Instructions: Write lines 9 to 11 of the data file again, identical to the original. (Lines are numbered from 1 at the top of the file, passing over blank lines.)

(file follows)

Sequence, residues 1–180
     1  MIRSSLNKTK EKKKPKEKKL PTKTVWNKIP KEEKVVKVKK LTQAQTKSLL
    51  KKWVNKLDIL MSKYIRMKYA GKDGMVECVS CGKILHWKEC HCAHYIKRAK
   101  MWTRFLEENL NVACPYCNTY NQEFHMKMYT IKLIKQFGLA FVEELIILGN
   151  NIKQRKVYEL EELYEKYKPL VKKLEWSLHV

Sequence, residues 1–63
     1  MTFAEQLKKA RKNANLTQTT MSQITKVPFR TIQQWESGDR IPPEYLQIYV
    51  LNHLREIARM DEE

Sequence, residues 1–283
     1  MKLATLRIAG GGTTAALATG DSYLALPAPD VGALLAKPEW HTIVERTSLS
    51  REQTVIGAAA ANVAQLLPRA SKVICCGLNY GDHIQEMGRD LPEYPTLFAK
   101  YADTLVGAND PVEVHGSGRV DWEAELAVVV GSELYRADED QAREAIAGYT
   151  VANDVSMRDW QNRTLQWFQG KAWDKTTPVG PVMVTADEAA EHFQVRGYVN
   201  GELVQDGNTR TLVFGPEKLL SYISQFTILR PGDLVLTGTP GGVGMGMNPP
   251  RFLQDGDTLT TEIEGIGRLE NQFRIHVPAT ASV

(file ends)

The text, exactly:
Sequence, residues 1–283
     1  MKLATLRIAG GGTTAALATG DSYLALPAPD VGALLAKPEW HTIVERTSLS
    51  REQTVIGAAA ANVAQLLPRA SKVICCGLNY GDHIQEMGRD LPEYPTLFAK